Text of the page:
Fullagar History, Family Crest & Coats of Arms

Fullagar is one of the names carried to England in the great wave of migration from Normandy following the Norman Conquest in 1066. It is based on the Germanic personal name Fulcher. It is composed of the elements folk, which means people, and hari, which means army.

Early Origins of the Fullagar family

The surname Fullagar was first found in Lincolnshire and Derbyshire where they were granted lands about the time of William the Conqueror. Historically, the Fulchers were known as the Champions of Burgundy and records were found of the name spelt Fulchere in Normandy (1180-1195). [1] The name could have also been derived from the Ango-Saxon word "folgere", in other words a follower, an attendant, a free-man who did not have a house of his own. [2]

Important Dates for the Fullagar family

This web page shows only a small excerpt of our Fullagar research. Another 168 words (12 lines of text) covering the years 1170, 1273, 1284, 1272, 1307, 1379, 1737, 1803, 1795, 1855, 1830, 1893, 1617 and 1690 are included under the topic Early Fullagar History in all our PDF Extended History products and printed products wherever possible.

Fullagar Spelling Variations

Spelling variations in names were a common occurrence in the eras before English spelling was standardized a few hundred years ago. In the Middle Ages, even the literate regularly changed the spellings of their names as the English language incorporated elements of French, Latin, and other European languages. Many variations of the name Fullagar have been found, including Fulcher, Fulger, Fulker, Fucher, Fullager, Folker, Foucar, Foulger, Futcher, Folger, Fugler, Fuche, Fuge, Fuidge, Fudge, Foutch and many more.

Early Notables of the Fullagar family (pre 1700)

Outstanding amongst the family at this time was Walter Fulcher of Lincolnshire, Thomas Fulcher (1737-1803), a British architect, George Williams Fulcher (1795-1855), a well-known poet, and John...
Another 26 words (2 lines of text) are included under the topic Early Fullagar Notables in all our PDF Extended History products and printed products wherever possible.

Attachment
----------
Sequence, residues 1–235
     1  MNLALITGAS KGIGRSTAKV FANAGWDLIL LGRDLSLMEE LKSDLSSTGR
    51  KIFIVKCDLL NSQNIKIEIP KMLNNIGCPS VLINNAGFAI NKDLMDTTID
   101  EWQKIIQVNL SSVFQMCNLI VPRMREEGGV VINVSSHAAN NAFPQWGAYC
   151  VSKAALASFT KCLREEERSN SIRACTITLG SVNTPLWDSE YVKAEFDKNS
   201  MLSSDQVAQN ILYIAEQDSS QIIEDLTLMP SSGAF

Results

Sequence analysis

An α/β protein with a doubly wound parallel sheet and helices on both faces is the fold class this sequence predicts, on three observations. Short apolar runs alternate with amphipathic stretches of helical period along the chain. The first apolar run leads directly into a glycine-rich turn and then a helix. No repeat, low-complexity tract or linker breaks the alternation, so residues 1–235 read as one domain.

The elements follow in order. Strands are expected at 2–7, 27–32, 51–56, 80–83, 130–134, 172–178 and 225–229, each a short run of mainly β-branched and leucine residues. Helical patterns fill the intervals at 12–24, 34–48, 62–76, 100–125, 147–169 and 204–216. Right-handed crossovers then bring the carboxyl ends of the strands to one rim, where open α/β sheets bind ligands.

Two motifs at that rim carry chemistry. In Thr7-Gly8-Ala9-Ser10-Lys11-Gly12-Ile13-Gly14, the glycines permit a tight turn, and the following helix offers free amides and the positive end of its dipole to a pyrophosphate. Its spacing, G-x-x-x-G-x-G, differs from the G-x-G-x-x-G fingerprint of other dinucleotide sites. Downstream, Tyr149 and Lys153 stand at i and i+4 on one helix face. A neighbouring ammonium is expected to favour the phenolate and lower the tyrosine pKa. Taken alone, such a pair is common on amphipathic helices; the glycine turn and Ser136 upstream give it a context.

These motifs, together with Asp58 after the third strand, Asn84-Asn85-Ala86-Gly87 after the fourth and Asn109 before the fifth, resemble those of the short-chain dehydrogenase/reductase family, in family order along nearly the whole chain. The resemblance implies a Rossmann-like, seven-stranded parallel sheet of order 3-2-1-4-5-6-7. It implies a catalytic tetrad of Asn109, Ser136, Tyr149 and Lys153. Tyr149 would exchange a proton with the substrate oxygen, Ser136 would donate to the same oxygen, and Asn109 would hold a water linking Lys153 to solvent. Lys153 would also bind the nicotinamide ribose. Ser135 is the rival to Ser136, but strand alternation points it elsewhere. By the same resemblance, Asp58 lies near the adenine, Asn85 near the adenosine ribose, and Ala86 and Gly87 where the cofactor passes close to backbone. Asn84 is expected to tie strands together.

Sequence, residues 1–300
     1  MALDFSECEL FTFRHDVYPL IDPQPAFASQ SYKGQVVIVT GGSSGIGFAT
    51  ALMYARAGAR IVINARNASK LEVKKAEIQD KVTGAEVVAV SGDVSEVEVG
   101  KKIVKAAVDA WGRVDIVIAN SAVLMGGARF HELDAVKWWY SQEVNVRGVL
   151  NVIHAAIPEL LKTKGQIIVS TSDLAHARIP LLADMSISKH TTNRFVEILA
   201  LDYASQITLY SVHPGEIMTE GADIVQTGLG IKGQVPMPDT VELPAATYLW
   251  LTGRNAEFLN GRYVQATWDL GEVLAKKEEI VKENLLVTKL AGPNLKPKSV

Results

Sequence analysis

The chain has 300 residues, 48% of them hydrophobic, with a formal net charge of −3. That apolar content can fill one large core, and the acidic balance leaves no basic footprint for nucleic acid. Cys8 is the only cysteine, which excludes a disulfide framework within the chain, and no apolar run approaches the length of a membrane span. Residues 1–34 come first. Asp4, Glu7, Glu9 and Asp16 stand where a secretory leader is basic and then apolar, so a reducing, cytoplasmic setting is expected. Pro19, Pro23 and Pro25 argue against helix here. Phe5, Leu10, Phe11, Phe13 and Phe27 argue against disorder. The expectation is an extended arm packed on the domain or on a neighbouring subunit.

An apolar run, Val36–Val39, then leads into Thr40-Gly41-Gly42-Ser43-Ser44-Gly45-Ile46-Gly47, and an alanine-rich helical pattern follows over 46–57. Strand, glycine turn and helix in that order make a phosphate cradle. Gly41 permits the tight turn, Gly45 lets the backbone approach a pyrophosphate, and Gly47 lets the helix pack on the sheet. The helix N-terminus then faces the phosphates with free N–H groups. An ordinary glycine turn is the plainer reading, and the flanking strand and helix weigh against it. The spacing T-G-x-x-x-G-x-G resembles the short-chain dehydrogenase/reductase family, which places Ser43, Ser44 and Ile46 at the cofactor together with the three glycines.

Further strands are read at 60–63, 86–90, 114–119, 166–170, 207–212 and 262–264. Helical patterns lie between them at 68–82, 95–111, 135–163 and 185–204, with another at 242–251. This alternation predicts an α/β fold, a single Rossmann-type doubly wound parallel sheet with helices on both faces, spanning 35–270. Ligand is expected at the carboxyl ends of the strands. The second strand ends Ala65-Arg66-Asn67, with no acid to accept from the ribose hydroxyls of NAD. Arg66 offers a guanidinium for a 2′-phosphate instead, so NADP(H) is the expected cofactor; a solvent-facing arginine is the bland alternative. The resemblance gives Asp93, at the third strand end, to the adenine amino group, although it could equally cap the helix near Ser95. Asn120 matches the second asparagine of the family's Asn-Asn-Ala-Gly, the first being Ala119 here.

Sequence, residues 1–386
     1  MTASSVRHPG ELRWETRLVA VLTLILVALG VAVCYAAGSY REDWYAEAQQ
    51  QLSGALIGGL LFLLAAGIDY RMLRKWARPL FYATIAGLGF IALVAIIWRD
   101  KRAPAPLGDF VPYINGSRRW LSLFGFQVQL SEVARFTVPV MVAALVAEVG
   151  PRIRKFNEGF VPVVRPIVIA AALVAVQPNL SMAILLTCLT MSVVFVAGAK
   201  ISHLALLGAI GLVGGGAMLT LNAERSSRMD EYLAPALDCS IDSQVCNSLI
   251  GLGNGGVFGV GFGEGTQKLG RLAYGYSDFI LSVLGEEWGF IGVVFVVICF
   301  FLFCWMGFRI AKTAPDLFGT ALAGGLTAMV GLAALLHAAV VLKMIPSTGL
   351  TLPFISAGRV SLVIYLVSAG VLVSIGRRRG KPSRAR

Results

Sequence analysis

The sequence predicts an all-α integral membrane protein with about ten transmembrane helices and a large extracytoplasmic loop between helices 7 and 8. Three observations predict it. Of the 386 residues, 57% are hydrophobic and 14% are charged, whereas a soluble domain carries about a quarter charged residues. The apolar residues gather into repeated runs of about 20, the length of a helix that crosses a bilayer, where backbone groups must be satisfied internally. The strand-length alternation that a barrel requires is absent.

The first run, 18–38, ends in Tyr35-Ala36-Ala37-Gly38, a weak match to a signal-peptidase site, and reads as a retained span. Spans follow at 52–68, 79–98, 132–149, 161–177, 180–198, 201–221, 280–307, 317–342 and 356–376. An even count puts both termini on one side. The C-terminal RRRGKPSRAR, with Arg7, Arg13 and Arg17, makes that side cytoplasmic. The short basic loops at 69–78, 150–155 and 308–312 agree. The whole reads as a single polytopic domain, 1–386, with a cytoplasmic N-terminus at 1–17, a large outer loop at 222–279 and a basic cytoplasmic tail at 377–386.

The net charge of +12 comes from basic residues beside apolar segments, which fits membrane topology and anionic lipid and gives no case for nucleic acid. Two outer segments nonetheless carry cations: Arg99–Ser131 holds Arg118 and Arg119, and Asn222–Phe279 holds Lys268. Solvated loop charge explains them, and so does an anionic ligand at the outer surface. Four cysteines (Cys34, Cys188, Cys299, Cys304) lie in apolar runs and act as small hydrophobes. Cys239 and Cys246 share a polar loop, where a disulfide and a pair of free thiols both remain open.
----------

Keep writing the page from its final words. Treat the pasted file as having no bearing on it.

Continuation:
Migration of the Fullagar family to Ireland

Some of the Fullagar family moved to Ireland, but this topic is not covered in this excerpt.
Another 33 words (2 lines of text) about their life in Ireland is included in all our PDF Extended History products and printed products wherever possible.

Fullagar migration to the United States

For many English families, the social climate in England was oppressive and lacked opportunity for change. For such families, the shores of Ireland, Australia, and the New World beckoned. They left their homeland at great expense in ships that were overcrowded and full of disease. Many arrived after the long voyage sick, starving, and without a penny. But even those were greeted with greater opportunity than they could have experienced back home. Numerous English settlers who arrived in the United States and Canada at this time went on to make important contributions to the developing cultures of those countries. Many of those families went on to make significant contributions to the rapidly developing colonies in which they settled. Early North American records indicate many people bearing the name Fullagar were among those contributors:

Fullagar Settlers in United States in the 19th Century
  • S.H. Fullagar, aged 27, who landed in America, in 1896
Fullagar Settlers in United States in the 20th Century
  • Harry Fullagar, aged 29, who landed in America, in 1919

Fullagar migration to Canada

Some of the first settlers of this family name were:

Fullagar Settlers in Canada in the 20th Century
  • Lewis N. Fullagar, aged 40, who settled in Victoria, Canada, in 1908
  • Sigrid Fullagar, aged 36, who settled in Victoria, Canada, in 1908

Contemporary Notables of the name Fullagar (post 1700)

  • Sir Wilfred Kelsham Fullagar KBE, KC (1892-1961), Australian judge on the High Court of Australia

Citations

  1. ^ The Norman People and Their Existing Descendants in the British Dominions and the United States Of America. Baltimore: Genealogical Publishing, 1975. Print. (ISBN 0-8063-0636-X)
  2. ^ Lowe, Mark Anthony, Patronymica Britannica, A Dictionary of Family Names of the United Kingdom. London: John Russel Smith, 1860. Print.
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